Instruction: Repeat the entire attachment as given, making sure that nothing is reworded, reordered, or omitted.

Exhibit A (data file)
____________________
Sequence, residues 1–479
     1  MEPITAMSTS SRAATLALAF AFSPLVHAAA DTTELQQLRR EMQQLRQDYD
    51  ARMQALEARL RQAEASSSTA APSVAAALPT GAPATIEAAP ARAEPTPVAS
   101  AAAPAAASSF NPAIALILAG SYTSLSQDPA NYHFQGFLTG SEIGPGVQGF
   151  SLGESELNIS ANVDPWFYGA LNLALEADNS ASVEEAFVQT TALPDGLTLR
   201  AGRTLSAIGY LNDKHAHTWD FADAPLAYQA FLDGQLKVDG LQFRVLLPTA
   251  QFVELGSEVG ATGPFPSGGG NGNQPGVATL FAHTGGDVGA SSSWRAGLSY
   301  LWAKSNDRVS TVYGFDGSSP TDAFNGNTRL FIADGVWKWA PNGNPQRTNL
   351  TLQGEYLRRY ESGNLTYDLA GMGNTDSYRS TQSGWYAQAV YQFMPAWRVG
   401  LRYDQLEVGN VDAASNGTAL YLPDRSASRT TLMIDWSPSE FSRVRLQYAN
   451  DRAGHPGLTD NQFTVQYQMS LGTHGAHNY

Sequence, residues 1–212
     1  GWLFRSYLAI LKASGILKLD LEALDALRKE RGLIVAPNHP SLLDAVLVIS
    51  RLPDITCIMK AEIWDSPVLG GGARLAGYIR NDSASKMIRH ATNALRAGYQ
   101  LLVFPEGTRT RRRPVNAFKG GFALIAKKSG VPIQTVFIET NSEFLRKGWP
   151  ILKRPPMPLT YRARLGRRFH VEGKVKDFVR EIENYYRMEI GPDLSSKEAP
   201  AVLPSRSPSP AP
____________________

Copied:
Sequence, residues 1–479
     1  MEPITAMSTS SRAATLALAF AFSPLVHAAA DTTELQQLRR EMQQLRQDYD
    51  ARMQALEARL RQAEASSSTA APSVAAALPT GAPATIEAAP ARAEPTPVAS
   101  AAAPAAASSF NPAIALILAG SYTSLSQDPA NYHFQGFLTG SEIGPGVQGF
   151  SLGESELNIS ANVDPWFYGA LNLALEADNS ASVEEAFVQT TALPDGLTLR
   201  AGRTLSAIGY LNDKHAHTWD FADAPLAYQA FLDGQLKVDG LQFRVLLPTA
   251  QFVELGSEVG ATGPFPSGGG NGNQPGVATL FAHTGGDVGA SSSWRAGLSY
   301  LWAKSNDRVS TVYGFDGSSP TDAFNGNTRL FIADGVWKWA PNGNPQRTNL
   351  TLQGEYLRRY ESGNLTYDLA GMGNTDSYRS TQSGWYAQAV YQFMPAWRVG
   401  LRYDQLEVGN VDAASNGTAL YLPDRSASRT TLMIDWSPSE FSRVRLQYAN
   451  DRAGHPGLTD NQFTVQYQMS LGTHGAHNY

Sequence, residues 1–212
     1  GWLFRSYLAI LKASGILKLD LEALDALRKE RGLIVAPNHP SLLDAVLVIS
    51  RLPDITCIMK AEIWDSPVLG GGARLAGYIR NDSASKMIRH ATNALRAGYQ
   101  LLVFPEGTRT RRRPVNAFKG GFALIAKKSG VPIQTVFIET NSEFLRKGWP
   151  ILKRPPMPLT YRARLGRRFH VEGKVKDFVR EIENYYRMEI GPDLSSKEAP
   201  AVLPSRSPSP AP